Turning Point in the Success of Impressionist Art

Turning Point in the Success of Impressionist Art
The Impressionists of the late 19thc were mocked by Europeans from the start. An unlikely art dealer supported the artists and implemented an ingenious way of selling and marketing their works.

The Académie des Beaux-Arts (Academy of Fine Arts) was an institution created in 1816. It greatly influenced the French culture by promoting the arts: classical, mythological, narratives, and dramas.

The Salon was the official art exhibition of the Academy, beginning in 1667. It would not accept the sketch-like style and vivid colors used by the (soon to be called) Impressionists.

In 1861 Edouard Manet was awarded honorable mention for "The Spanish Singer" by the Salon who would later reject half of the submissions in 1863, including Renoir's.

The Salon of 1864 brought criticism for Manet's "Incident at a Bullfight" and "The Dead Christ with Angels." His most shocking work "Olympia" was exhibited in the 1865 Salon. Perhaps if she were a goddess (Titian's "Venus of Urbino" for example) it would have been acceptable, but apparently, a prostitute was not.

After Manet's rejection from the 1866 Salon and exclusion from the Exposition Universelle of 1867, he used his inheritance to construct a pavilion across from the Exposition. He would exhibit fifty works.

Manet first met Edgar Degas in 1859, then Berthe Morisot (she would later marry his younger brother). Manet worked until his death in 1883. He is considered the father of modernism, however, his work was not entirely impressionistic.

That spring, Monet, Degas, and Morisot exhibited as the Societe Anonyme des Artistes Peintres, Sculpteurs, Graveurs. It would be referred to as the first Impressionist exhibition.

The son of a gallery owner, Paul Durand-Ruel was a devout Catholic, had strong opinions, and wanted to pursue a military career. When his father fell ill, Paul was asked to help the family business.

In 1855, at age 24, Durand-Ruel saw paintings by Eugene Delacroix at the International Exhibition in Paris. He thought about how he might be able to help these artists.

Durand-Ruel went to London, where he met Claude Monet. The artist shipped all his paintings to New Bond Street (AKA German Gallery) where he became the director of the exhibition and showed his work.

Monet introduced Camille Pissarro to Durand-Ruel, who purchased paintings from both artists to display in the gallery. He sold a few but committed to purchasing all they could paint.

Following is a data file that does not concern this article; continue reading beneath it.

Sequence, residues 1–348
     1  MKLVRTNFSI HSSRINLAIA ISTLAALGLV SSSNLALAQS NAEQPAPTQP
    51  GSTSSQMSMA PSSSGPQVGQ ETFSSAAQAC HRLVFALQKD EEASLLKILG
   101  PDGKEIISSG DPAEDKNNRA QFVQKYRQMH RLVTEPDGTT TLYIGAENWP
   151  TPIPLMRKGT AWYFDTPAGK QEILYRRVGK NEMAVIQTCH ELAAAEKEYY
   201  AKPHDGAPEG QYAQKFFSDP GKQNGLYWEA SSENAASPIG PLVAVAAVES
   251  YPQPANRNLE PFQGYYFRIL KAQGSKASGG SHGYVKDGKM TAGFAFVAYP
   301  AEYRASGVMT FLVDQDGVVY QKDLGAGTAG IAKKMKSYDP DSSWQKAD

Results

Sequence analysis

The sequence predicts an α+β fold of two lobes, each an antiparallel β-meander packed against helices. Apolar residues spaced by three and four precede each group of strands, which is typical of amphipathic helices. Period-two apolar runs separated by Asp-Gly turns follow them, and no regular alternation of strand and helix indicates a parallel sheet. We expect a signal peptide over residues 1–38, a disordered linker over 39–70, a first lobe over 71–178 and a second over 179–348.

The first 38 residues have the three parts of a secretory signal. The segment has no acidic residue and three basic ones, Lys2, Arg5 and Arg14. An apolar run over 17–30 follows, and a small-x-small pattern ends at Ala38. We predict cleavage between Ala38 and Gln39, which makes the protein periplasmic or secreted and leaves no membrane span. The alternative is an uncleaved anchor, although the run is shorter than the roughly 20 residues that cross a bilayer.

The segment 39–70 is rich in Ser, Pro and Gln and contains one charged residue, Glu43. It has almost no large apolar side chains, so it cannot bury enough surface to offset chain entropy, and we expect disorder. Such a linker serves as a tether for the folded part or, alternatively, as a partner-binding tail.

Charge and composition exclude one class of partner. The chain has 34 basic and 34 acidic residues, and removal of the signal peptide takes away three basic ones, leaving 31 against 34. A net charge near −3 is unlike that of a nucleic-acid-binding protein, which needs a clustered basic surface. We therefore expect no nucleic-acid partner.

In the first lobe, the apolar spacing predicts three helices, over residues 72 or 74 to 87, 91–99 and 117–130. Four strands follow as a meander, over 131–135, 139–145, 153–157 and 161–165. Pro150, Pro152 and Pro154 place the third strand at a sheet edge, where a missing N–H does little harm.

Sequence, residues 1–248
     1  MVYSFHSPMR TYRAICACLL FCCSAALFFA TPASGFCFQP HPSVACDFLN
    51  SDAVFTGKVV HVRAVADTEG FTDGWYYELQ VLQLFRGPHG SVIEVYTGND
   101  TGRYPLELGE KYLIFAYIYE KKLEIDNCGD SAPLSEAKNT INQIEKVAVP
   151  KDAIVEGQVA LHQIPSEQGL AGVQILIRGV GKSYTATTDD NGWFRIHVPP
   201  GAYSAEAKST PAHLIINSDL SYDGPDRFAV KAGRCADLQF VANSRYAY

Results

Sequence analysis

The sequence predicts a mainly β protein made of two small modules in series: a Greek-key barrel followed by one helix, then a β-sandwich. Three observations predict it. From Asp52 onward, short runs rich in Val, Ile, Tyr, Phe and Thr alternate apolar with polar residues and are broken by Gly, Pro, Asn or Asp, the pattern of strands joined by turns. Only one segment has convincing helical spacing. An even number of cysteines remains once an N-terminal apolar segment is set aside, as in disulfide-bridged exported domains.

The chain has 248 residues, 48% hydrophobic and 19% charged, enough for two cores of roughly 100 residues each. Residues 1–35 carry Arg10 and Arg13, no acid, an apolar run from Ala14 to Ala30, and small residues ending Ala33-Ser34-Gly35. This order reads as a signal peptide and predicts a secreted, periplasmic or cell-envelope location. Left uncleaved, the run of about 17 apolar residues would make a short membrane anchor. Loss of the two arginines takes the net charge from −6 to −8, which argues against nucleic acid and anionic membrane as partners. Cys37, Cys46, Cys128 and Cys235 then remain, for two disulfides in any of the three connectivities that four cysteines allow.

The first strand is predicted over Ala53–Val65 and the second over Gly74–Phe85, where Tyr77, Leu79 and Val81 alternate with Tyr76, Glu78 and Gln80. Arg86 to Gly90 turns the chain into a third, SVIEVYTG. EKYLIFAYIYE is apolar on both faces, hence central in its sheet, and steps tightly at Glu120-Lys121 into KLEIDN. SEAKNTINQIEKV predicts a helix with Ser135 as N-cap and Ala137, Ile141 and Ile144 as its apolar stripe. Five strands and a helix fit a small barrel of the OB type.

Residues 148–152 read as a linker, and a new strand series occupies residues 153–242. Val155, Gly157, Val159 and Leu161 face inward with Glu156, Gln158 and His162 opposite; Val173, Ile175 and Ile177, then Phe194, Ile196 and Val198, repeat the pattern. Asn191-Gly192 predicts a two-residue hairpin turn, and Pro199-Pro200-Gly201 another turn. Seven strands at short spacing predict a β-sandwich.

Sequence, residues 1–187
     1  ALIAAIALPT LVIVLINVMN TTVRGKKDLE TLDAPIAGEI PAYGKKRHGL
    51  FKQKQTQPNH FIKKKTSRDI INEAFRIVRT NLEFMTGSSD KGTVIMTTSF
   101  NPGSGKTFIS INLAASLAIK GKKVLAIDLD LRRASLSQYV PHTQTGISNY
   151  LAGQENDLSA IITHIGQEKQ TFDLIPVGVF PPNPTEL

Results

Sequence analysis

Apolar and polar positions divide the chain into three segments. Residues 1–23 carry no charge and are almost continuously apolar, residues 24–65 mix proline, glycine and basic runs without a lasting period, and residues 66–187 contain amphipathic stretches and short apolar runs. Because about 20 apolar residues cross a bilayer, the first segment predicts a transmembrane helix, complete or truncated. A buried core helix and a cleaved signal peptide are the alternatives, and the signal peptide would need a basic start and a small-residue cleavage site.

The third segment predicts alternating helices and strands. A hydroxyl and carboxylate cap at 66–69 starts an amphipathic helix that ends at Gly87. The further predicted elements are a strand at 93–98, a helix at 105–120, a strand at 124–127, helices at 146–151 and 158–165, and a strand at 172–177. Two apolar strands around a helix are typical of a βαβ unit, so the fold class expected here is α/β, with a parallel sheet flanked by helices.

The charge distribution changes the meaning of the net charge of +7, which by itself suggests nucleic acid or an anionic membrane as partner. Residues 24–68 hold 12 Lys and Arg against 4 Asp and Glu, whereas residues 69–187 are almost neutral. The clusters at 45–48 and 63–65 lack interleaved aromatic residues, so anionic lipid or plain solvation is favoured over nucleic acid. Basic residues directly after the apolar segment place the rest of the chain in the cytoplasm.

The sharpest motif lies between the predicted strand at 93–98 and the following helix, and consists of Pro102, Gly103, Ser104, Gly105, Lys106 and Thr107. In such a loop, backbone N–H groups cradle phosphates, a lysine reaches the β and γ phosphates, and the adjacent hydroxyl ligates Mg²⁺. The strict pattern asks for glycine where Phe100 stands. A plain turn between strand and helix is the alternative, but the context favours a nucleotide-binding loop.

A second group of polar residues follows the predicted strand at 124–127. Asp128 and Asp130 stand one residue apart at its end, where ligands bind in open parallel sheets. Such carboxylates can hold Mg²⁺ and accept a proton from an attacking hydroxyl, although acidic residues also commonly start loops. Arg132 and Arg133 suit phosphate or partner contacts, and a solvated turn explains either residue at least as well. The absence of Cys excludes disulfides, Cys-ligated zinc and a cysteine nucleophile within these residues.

In London, influenced by Corot, Pissarro's first work was purchased by Durand-Ruel in 1871.

The Franco-Prussian War of 1870 was important in the development of Impressionism. The French were defeated, creating a mood of chaos in Paris after the war. A country politically unstable became a breeding ground for the Impressionists to express themselves.

Durand-Ruel returned to France from London in 1872, then purchasing large amount of works by the Impressionists. That was the magical year the term Impressionists would be coined, due to Claude Monet's painting "Impression Sunrise."

In 1873, Durand-Ruel gained recognition as a Modern Art dealer by having a catalog of etchings published and distributed to potential buyers.

Durand-Ruel held an exhibition (for no cost to the artists) at his gallery in 1876. The press became more hostile to the Impressionists. [The name, however, did take hold.]

America had become a new country where huge wealth was being accrued - producing aspiring art collectors. Artist Mary Cassatt was from a prominent family, owning the Pennsylvania Railroad. When Americans visited Paris, she would refer them to Durand-Ruel, thus playing an important role in their success.

The turning point in the advancement of the Impressionists is when Durand-Ruel agreed to ship three hundred (300) paintings of the 'new school' to NY in 1885. The cost of shipping, insurance, and advertising would be paid by the American Art Association.

A catalog titled, "Works in Oil and Pastels by the Impressionists of Paris" named artists: Manet, Sisley, Renoir, Pissarro, Degas, and Monet. However, the name of the man who established the art market, Paul Durand-Ruel, was absent.

Durand-Ruel sold works by the Impressionists below price for ten (10) years to keep the artists afloat. From 1891-1921 some 11,000+ paintings and sketches went through his gallery. His ledger remains.

The first museum to show an Impressionist painting was the Metropolitan Museum of Art, NY in 1889. There were none in major European museums yet.

You can own DECORARTS - Impression Sunrise, Claude Monet Art Reproduction. Giclee Canvas Print, available from Amazon.com.

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This content was written by Camille Gizzarelli. If you wish to use this content in any manner, you need written permission. Contact Camille Gizzarelli for details.